UC Irvine’s Contribution to the 2015 Nobel Prizes in Physics

The 2015 Nobel Prize in Physics was won by leaders of the Super-Kamiokande and SNO neutrino experiments, Takaaki Kajita and Arthur B. McDonald, respectively. The Super-Kamiokande (Super-K) experiment in Japan showed that neutrinos oscillated, and therefore had mass. The Sudbury Neutrino Observatory (SNO) experiment in Canada showed that detected solar electron neutrinos were a third of the calculated initial flux of solar electron neutrinos because they were oscillating, and reappearing as electron, muon and tau neutrinos. The sum of all neutrinos detected by their neutral weak currents was equal to the initial produced electron neutrino flux.

The Neutrino properties and the experiments are explained in the Physics Nobel Prize Popular Science Background, with the more advanced version in the Scientific Background.


UC Irvine has had participation in these experiments from their beginnings. Prof. Herbert Chen was the designer and initiator of the SNO experiment in 1984 before he passed away in 1987. Here is his Memorium by his UC Irvine colleagues. His UCI colleagues in the experiment were Peter Doe and John Lathrop.  The idea of detecting the scattering of neutrinos off of deuterons or heavy water arose in its observation by the UCI neutrino group of Frederick Reines in an experiment at the Savannah River nuclear reactor.  Herbert Chen was a co-spokesman at the start of the SNO experiment.  This is noted on page 8 of the Scientific Background.

Herbert Chen’s proposal began with his Physical Review Letter with him as sole author in Vol. 55, Number 14, 1534-1536, Sept. (1985).    That article was titled “Direct Approach to Resolve the Solar-Neutrino Problem”.  He was an author of the “Proposal to Build a Neutrino Observatory in Sudbury, Canada” in Il Nuovo Cimento, Vol. 9 C, N. 2, Marzo-Aprile 1986.


This is a picture of Herbert Chen:


Herb Chen 2


The US contributions to the Super-K experiment are from experimenters at UC Irvine, Boston University, Duke University, and Stony Brook.


UC Irvine has played a leadership role in Super-K. Prof. Henry W. Sobel is co-US spokesperson, along with Jim Stone of Boston University. At UCI, the low energy analysis is headed by Michael Smy. At Boston University, Ed Kearns of Boston University and Takaaki Kajita of Tokyo University lead the high energy analysis.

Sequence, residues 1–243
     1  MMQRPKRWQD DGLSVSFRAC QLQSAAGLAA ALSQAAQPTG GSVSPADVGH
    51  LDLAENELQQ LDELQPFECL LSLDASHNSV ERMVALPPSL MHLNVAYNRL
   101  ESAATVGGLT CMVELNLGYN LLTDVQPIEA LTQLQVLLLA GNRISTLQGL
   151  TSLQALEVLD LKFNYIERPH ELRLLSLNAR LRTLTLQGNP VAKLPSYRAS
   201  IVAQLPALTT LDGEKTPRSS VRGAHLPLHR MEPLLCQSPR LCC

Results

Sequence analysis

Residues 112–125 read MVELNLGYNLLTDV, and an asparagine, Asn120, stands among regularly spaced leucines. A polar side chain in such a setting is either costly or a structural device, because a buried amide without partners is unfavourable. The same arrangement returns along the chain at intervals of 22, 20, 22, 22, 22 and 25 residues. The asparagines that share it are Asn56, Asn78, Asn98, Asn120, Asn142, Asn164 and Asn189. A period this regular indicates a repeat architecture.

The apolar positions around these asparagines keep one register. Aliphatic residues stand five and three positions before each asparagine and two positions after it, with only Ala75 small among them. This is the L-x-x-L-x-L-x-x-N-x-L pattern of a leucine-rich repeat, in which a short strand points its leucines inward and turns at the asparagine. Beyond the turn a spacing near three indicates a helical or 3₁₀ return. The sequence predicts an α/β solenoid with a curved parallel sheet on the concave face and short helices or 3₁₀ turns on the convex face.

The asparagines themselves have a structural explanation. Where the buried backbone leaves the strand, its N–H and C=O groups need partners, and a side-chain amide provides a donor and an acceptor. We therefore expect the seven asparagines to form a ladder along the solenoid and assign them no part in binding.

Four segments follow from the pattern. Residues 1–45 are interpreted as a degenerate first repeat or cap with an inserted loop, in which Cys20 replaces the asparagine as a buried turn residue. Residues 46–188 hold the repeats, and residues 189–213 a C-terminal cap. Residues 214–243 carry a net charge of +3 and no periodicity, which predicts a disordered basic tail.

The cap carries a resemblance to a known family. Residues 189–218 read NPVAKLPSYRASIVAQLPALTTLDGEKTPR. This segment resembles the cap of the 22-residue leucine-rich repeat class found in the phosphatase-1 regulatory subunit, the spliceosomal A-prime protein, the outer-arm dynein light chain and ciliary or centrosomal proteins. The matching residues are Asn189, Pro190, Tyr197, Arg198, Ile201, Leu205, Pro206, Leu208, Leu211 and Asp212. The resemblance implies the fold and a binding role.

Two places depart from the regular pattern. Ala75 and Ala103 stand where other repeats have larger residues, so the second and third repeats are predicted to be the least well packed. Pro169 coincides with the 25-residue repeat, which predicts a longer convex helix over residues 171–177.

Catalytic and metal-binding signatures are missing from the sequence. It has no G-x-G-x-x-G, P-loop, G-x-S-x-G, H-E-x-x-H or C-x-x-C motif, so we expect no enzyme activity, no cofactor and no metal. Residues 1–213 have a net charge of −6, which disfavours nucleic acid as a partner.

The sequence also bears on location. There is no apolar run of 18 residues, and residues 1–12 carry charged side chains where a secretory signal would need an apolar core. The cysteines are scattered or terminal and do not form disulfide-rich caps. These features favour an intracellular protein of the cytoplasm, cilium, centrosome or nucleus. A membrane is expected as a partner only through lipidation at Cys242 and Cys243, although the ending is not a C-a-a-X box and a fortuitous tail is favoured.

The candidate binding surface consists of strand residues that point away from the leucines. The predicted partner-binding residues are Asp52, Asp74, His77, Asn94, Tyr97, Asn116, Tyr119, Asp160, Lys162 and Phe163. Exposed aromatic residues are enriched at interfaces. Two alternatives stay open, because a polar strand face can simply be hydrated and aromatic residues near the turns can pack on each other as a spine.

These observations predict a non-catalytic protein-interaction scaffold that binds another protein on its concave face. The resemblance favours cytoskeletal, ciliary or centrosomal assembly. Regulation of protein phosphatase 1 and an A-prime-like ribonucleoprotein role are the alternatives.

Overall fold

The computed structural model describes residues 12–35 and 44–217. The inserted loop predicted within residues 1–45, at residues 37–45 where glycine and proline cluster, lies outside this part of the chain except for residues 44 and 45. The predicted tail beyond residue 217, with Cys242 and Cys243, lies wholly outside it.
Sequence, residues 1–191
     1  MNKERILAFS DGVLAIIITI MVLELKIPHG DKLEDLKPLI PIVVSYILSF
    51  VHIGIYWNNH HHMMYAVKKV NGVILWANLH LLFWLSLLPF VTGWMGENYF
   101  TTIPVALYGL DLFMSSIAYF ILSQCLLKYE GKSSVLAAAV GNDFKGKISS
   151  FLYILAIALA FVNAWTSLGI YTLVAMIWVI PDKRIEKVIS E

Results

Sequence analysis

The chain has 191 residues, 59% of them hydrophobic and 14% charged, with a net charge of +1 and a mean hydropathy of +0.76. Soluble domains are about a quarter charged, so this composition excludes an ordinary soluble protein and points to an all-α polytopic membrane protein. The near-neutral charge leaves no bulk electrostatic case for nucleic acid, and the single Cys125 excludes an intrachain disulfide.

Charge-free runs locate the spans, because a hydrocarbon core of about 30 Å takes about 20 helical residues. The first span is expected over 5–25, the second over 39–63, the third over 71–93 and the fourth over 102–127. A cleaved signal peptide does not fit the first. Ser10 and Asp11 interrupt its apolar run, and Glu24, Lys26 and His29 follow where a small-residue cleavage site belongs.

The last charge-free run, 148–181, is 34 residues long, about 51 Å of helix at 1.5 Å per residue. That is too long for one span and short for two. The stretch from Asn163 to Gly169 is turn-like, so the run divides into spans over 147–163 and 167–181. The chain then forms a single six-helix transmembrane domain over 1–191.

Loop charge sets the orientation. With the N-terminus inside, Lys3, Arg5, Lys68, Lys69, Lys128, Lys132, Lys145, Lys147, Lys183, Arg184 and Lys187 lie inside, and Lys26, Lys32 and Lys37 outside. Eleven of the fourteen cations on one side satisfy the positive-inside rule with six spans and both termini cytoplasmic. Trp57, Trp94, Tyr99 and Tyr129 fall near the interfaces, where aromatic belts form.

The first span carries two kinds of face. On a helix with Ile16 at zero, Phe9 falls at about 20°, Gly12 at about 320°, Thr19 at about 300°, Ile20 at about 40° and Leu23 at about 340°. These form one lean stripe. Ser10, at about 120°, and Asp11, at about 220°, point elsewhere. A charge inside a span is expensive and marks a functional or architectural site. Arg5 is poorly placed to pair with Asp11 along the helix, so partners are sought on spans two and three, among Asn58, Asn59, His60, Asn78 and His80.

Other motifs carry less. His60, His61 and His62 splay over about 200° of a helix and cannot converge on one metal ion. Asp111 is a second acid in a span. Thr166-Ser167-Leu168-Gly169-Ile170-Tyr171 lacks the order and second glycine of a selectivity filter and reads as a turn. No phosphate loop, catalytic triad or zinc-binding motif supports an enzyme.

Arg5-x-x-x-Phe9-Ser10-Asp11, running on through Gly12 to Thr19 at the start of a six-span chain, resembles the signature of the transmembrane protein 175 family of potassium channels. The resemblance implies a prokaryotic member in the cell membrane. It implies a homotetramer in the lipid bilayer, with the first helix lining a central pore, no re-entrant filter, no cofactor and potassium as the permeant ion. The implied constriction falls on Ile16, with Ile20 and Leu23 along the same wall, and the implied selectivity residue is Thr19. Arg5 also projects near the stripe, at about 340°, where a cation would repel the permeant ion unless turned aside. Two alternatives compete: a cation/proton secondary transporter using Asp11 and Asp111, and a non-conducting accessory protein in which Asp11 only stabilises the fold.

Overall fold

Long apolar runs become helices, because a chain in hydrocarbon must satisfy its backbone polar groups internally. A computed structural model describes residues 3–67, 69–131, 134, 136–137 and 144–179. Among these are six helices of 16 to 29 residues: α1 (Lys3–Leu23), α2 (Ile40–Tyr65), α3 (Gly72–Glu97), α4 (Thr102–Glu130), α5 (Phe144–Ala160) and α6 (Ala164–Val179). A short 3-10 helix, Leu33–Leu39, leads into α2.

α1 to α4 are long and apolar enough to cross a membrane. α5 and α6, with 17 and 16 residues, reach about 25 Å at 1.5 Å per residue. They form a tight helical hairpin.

At UC Irvine, Prof. Henry W. Sobel, Michael Smy, Bill Kropp, Shunichi Mine, Jeff Griskevich, Prof. Mark Vagins, are contributing to the planning and running of Super-K, and the analysis of its data.

The Nobel Prize for the 1998 Super-K discovery for the oscillation of atmospheric muon neutrinos was led by Takaaki Kajita.  The UC Irvine group that worked on that were:  T. Barszczak, D. Casper, W. Gajewski, P. G. Halverson , J. Hsu, W. R. Kropp, L. R. Price, F. Reines, M. Smy, H. W. Sobel, and M. R. Vagins.  Their result was announced in the paper:  Evidence for Oscillation of Atmospheric Neutrinos in Physical Review Letters, Volume 81, Number 8, p. 1562 of August 24, 1998.

This is a new photo of Henry Sobel, Michael Smy, and William Kropp in front of a picture of the photocells in the Super-K detector.

SuperK group




Last year I gave a course to the Osher Lifelong Learning Institute at UC Irvine on Neutrino Mysteries.  It explained atmospheric neutrinos, solar neutrinos, and neutrino oscillations.  It also showed the mysteries to be solved in the future.

Many thanks to Henry Sobel and William Kropp for the information for this article, and to William Kropp for the picture of Herb Chen.

About Dennis SILVERMAN

I am a retired Professor of Physics and Astronomy at U C Irvine. For a decade I have been active in learning about energy and the environment, and in lecturing and attending classes at the Osher Lifelong Learning Institute (OLLI) at UC Irvine.
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